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The fate of Meo Sacchetti and the Italian national team
With Italy still unbeaten as the third window of European Qualifiers for the FIBA Basketball World Cup tips off on Thursday, Italian fans would be justified in looking more closely at coach Romeo Sacchetti. To those already familiar with 'Meo' his success will not come as a surprise, but for others, it is worth exploring his background and how this relates to the performances he's managed to get out of this team.
Chasing your goals is one thing - this is the essence of sports. Tasting every moment of the journey, though, is a whole different experience. The latter being a much less traveled road with only a select few having actually shown the ability to thrive on the pressure attached to the repetitive grind of competition. It takes a natural talent to do so, first and foremost to be able to put all aspects of life in the right perspective.
Meo Sacchetti has displayed this talent through his entire career, first as a player and in the last twenty years also as a coach. Meo has encountered plenty of obstacles in his way, walking a difficult path. Born in a refugee camp in southern Italy and fighting through misfortune and preconceptions both on and off the basketball court. He was a silver medalist at the 1980 Moscow Olympic Games, and Sacchetti was also a key player in Italy winning the 1983 FIBA EuroBasket in France.
A solid two-way wing player, Sacchetti was the template of what we now refer to as a stretch four. He suffered a career-ending injury during Serie A's 1990 finals, and snapping his achilles tendon shattered his dream of winning a scudetto with Varese, the team he rooted for since childhood. Even then, though, Meo didn't falter: the thought of a life without basketball never even crossed his mind. He started coaching, working his way up through multiple seasons in Italy’s minor leagues.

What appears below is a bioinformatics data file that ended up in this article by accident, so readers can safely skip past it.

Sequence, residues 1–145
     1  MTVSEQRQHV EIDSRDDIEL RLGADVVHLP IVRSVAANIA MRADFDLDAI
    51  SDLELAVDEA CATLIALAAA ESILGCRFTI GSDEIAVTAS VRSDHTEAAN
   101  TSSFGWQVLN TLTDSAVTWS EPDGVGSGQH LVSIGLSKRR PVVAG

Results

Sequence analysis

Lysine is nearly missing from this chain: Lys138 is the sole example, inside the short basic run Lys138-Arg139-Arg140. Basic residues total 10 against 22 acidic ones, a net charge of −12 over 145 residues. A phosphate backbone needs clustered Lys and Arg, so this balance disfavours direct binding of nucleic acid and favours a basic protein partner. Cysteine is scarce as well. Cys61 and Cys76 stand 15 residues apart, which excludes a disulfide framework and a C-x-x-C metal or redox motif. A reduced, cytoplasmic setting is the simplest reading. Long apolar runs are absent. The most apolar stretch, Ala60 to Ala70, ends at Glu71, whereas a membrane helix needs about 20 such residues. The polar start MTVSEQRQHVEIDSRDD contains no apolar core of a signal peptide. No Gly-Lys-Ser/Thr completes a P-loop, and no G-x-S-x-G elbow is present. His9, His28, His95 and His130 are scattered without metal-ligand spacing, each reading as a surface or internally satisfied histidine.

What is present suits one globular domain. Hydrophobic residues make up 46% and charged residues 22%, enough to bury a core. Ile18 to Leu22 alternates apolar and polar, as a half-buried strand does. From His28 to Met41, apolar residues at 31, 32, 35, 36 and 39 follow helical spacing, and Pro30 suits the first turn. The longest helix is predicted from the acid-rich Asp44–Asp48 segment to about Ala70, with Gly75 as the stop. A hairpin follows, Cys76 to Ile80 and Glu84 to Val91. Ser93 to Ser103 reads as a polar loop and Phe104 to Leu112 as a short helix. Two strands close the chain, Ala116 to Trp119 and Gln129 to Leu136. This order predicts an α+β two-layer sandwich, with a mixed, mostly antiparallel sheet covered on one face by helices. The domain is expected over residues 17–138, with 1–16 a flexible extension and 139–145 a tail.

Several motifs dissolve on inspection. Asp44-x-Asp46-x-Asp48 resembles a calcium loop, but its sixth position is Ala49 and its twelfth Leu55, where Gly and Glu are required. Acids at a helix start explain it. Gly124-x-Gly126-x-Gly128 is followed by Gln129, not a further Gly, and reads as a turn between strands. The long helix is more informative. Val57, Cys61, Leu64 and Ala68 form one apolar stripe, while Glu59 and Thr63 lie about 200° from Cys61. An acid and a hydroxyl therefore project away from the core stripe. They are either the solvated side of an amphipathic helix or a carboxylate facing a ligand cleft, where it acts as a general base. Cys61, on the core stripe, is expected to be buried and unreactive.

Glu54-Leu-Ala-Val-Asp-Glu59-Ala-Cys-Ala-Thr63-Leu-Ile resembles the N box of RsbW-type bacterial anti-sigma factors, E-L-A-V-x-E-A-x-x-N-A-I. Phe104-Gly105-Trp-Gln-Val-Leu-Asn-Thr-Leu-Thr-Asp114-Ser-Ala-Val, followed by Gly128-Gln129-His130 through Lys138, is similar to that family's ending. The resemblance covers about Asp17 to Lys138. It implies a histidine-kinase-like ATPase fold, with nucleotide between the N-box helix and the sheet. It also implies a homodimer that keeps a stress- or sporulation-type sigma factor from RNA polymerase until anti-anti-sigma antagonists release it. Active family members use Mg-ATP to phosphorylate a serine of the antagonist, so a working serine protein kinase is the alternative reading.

Sacchetti travelled the country far and a wide, from the far north of Udine all the way to Sicily, only to find his home on yet another island in Sardinia. Taking charge of Sassari, he took a second league team to its first national championship in 2015. Not only did he manage to reach that historic achievement, Meo did it his own way.
As much as any team that he has coached through the years, that Dinamo Sassari team who also won the Supercup and the National cup in that season displayed a very distinctive kind of high-speed, fun-driven, score-first mentality. Rarely ever seen losing his composure on the sidelines, Sacchetti has carried that "player's coach" attitude pretty much everywhere, making it a proper trademark. He described this demeanour in his autobiography ‘Il mio basket è di chi lo gioca’ (my basketball is for those who play it).
This attitude has stuck with him in his latest adventure with Vanoli Cremona, a team that was meant to start in the second league but eventually snapped up a playoff spot in Serie A, and also in his brand new tenure as Italy’s head coach.
Hired last summer, Meo’s priority was to revitalize an environment exhausted by years of perceived "underachievement". Despite a talent-filled roster, led by NBA stars such as Marco Belinelli and Danilo Gallinari, and the presence of super-qualified coaches such as Simone Pianigiani and Ettore Messina, the ‘azzurri’ failed to get past the quarter finals in both EuroBasket 2015 and 2017. When Sacchetti became the national team’s head coach, World Cup qualification games loomed and it was unclear which players would be available.